Tried and Tested: Using Chalk Paint to Revive Old Patio Decor

If you have been reading this blog for a while, you know of my obsession with Annie Sloan chalk paint.  Annie Sloan claims the paint can stick to almost any surface and that it can be used outdoors.  Apparently, the outside of Annie Sloan’s shop is painted with Chalk Paint!

I was a bit skeptical of how this paint would hold up under the elements.  I painted several things last spring with chalk paint and am glad to report that they have held up extremely well through wind and rain and very cold conditions.

I had several really ugly old plastic pots that many years ago, were supposed to look like fake terra-cotta.  I painted these in Annie Sloan’s old white and it gave them new life.  I would have been happy if they lasted even one season, but they held up so well, I am going to keep them.

Annie Sloan 2

Annie Sloan 1

I also painted these chairs we inherited.  They were originally black wrought iron.  I felt they looked pretty boring with the black iron, so I painted just the arms with chalk paint and I feel it gave them a modern lightness.  The paint has held up well after a year of being outside.

Annie Sloan 4

Annie Sloan 3

So, there is my review.  I would definitely endorse this product being used outdoors.

You can see my other reviews on chalk paint here, here and here.  What about you?  Have you ever used chalk paint on outdoor pieces?

How to Dry Hydrangeas

I am a huge fan of hydrangeas and love to have them in my garden and my home.  They are so simple, yet elegant.  You can make a big impact with just a few blooms.  I posted here about using them to bring a hint of nature indoors.

Hydrangea Veranda Veranda

There are 3 methods for drying hydrangeas, although it appears the method is not as important as when you cut the blooms!

According to experts, you should cut blooms as soon as they feel papery and less supple than they were earlier in the season.  This “papery” stage usually occurs 6 weeks after the blooms have opened.  However, I have always just cut blooms I thought were pretty and then dried them, so I personally don’t think it matters that much.

In fact, I feel that the color of the hydrangea mostly impacts how it dries and what color it ends up.  Unfortunately, I feel that my favorite, the white hydrangea, dries the worst.  I find that they tend to dry brown.

The 3 methods to dry them once they are cut are as follows:

  • The Easy Method (Upside Down Method):  Take the blooms and hang them upside down in dry place such as an attic or garage.  I find when you use this method, the blooms dry a bit more brittle than using the water drying method below.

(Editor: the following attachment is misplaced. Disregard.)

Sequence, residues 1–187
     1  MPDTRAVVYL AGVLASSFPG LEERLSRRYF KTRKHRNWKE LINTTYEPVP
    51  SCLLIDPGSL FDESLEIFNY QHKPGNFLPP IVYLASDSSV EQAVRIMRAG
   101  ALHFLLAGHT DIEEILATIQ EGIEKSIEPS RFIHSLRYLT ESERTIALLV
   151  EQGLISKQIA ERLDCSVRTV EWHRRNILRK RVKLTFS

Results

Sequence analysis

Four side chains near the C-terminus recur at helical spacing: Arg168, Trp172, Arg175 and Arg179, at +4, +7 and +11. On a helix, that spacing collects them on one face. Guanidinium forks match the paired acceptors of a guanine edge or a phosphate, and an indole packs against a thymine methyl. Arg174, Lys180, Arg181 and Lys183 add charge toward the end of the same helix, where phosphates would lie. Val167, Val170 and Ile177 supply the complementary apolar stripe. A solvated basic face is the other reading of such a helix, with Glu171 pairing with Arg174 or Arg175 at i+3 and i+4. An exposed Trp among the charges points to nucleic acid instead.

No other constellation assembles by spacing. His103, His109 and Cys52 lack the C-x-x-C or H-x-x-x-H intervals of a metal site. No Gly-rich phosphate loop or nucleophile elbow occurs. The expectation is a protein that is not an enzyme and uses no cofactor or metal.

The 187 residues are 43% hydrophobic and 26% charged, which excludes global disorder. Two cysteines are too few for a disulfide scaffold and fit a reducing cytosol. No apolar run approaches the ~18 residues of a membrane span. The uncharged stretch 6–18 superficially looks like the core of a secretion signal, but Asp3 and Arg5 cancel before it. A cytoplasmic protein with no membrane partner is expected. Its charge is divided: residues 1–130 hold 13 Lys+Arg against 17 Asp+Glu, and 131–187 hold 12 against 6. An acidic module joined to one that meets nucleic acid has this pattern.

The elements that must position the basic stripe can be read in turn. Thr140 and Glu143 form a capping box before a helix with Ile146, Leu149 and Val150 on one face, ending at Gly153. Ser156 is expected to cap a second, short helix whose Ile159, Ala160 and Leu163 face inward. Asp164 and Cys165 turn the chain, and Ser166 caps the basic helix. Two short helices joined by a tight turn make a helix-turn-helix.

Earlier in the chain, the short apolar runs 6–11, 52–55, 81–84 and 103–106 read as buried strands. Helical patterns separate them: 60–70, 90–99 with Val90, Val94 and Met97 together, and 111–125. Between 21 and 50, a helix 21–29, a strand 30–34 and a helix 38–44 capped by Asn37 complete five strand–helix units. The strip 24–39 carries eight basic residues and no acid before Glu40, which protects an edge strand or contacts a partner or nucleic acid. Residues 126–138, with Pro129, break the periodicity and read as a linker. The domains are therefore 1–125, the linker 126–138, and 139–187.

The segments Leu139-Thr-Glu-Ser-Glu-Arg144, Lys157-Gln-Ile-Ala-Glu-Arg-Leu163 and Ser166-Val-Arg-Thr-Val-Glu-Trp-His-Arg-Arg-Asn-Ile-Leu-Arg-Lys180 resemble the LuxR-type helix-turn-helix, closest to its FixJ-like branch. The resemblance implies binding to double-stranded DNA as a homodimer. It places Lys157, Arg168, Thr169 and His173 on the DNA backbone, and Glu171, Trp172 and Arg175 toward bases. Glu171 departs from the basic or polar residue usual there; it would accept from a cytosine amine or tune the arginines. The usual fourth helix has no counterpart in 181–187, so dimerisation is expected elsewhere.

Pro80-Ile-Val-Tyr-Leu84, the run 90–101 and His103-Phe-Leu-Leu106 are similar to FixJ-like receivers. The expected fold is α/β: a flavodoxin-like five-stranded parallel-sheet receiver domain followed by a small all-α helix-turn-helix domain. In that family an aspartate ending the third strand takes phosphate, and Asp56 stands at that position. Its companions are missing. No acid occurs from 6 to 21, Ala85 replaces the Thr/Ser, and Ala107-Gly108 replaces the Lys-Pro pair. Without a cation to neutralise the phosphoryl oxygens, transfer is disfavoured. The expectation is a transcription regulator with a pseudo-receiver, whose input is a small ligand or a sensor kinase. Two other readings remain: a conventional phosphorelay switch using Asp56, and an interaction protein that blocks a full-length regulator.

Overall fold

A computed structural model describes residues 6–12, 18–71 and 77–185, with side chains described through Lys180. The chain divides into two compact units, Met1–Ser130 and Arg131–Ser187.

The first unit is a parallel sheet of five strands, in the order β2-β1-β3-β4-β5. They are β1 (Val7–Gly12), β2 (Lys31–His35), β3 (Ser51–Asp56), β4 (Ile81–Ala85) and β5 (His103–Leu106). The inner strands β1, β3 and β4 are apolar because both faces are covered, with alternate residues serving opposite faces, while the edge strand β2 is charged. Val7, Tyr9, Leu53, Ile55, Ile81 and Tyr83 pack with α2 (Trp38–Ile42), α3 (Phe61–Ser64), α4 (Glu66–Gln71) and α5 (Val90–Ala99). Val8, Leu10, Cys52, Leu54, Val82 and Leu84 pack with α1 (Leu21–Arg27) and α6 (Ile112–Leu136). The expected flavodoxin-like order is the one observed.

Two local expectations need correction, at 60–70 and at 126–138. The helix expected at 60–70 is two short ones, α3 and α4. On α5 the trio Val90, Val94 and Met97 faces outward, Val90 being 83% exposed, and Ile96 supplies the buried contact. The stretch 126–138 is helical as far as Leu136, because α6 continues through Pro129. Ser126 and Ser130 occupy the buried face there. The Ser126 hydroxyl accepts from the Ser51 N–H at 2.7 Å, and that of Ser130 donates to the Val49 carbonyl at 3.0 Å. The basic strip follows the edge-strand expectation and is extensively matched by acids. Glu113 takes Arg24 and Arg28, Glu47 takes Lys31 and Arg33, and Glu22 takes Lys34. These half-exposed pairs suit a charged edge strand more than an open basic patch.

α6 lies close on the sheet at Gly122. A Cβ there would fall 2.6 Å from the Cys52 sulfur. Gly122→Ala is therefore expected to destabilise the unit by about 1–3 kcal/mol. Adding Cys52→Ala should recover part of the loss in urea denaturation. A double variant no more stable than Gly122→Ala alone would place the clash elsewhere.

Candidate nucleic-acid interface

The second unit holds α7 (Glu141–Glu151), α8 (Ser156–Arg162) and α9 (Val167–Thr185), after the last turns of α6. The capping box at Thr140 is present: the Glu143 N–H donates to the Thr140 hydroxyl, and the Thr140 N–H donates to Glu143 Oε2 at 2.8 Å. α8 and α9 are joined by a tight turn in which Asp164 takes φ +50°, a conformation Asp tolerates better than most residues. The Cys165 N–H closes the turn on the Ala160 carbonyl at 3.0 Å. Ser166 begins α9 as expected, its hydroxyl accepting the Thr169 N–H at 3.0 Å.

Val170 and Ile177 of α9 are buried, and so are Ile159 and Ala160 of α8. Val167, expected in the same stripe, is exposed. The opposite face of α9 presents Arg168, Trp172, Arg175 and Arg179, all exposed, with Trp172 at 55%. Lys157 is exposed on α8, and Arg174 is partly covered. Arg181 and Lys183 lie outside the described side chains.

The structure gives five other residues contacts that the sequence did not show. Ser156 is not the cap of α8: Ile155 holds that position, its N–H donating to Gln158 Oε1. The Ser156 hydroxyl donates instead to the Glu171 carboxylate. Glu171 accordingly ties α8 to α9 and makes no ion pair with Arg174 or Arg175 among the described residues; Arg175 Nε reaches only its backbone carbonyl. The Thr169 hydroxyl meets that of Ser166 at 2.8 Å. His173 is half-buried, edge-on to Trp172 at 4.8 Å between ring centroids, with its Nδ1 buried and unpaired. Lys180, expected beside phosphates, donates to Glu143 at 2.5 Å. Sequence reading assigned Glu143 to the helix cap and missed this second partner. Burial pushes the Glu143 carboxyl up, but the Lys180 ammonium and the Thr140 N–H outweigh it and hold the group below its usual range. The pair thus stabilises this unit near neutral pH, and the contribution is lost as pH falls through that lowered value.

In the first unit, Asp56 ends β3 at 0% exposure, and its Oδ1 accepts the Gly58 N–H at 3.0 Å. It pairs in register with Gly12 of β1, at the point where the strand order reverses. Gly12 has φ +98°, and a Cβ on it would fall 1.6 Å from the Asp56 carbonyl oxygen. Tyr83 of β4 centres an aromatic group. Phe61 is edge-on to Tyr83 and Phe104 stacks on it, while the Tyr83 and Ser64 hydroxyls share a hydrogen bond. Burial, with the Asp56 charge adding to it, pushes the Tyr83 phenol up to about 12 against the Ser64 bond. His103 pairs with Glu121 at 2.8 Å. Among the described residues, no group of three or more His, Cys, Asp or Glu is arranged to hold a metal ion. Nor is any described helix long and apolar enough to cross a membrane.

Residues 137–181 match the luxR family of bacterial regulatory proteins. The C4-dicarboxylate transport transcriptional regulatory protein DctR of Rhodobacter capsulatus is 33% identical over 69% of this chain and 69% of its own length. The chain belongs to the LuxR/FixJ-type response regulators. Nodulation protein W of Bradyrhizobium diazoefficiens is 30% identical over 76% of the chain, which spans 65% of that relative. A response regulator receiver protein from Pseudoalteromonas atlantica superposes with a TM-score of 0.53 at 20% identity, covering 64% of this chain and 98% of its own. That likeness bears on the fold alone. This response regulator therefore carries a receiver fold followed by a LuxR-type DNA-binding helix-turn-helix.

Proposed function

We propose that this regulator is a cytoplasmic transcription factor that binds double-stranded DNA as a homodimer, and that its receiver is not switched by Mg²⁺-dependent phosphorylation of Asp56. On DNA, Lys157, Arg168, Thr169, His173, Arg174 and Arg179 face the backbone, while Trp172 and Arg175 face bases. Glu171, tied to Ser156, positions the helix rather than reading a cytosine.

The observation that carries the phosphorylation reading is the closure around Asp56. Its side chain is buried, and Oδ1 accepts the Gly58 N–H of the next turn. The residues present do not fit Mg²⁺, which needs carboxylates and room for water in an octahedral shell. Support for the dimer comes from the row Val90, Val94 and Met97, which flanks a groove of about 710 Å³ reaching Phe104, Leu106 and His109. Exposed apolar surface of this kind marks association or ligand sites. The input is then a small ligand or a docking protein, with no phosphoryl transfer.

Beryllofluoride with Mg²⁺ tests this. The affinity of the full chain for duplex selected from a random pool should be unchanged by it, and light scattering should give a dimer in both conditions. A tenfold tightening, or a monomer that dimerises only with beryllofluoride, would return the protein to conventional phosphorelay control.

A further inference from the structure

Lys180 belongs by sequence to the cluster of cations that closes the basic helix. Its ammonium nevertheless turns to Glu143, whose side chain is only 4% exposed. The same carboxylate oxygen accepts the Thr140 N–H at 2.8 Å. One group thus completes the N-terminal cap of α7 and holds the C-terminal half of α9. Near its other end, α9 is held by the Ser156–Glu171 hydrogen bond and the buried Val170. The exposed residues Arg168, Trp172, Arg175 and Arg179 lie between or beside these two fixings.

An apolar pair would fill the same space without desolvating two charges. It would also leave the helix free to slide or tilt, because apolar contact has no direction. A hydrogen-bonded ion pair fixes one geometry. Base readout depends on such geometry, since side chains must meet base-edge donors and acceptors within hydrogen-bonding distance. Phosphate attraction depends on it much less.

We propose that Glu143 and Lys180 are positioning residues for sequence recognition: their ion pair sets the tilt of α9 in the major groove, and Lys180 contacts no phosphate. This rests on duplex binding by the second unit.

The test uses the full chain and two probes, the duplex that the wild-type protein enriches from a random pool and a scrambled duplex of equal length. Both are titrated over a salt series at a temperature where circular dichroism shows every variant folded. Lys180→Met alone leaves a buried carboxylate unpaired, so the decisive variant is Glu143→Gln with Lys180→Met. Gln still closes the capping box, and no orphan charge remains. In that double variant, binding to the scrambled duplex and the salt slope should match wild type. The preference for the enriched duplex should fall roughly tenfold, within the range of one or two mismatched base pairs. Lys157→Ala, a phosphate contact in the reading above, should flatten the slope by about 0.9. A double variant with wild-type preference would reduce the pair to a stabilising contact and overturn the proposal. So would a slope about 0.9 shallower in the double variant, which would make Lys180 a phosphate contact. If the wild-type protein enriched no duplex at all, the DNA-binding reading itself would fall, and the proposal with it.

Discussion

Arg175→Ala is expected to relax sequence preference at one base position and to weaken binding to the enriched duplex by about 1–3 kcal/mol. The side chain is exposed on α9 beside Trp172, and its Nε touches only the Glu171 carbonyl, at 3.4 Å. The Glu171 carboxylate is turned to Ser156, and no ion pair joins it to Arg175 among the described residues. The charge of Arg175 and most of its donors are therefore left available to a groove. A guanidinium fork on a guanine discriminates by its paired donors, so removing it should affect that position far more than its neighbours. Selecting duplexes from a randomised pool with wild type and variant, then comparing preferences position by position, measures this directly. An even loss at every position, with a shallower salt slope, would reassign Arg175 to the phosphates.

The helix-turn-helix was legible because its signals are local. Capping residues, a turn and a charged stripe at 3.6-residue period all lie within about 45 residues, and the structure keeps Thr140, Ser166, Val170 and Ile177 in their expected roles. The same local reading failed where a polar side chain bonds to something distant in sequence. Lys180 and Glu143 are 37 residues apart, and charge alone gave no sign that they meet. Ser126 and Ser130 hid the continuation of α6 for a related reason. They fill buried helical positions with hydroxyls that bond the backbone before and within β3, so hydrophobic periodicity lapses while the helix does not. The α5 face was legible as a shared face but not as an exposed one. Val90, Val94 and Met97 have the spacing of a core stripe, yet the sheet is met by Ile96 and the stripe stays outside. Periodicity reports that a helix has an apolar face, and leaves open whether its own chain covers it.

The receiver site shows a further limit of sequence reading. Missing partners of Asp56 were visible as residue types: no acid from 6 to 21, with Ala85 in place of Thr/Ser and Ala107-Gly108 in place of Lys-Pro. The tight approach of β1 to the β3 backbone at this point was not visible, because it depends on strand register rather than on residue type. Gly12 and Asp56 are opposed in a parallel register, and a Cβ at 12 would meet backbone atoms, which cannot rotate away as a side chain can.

• The Super Easy Method (Water Drying Method):  Take the blooms and remove all of the leaves.  Place them in a vase full of water in a cool spot out of direct sunlight.  Let the water evaporate.  I have dried hydrangeas on accident using this method.  Did I forget to change the water in that vase?  Whoops!
  • The Effort Method (Silica Gel Method):  This method requires drying the blooms using silica gel.  I am hesitant to even mention this method because it requires so much more work, but it results in slightly more vivid blooms.
  • Step 1:  Place bloom upside down in a container of silica gel.  Hold the flower above the silica and sift silica around the head of the blossom.  When about an inch of silica is holding the flower in place, you can release the bloom.
  • Step 2:  Work the silica into the center of the bloom and under all of the petals.
  • Step 3:  Secure the container with a lid and let the bloom sit in the gel.  Wait 4 days and remove the preserved bloom.

Once dried, they can last indoors indefinitely.  Hyrangeas are the kind of flowers that practically dry themselves, so I recommend the “Lazy” Method as it is almost foolproof.

I think dried hydrangeas are a nice way to have flowers in the winter when fewer flowers are in bloom.  I try to only do one arrangement, like the simple one below, because too many can look too cutesy and cottage-y

bhg hydrangeas 2

Better Homes and Gardens August 2013

This might feel like drying your prom corsage (anyone else do that??), but I promise the results will be stunning and brighten your home!

Have you ever tried drying flowers?  A variety other than hydrangeas?  If so, please tell me in the comments!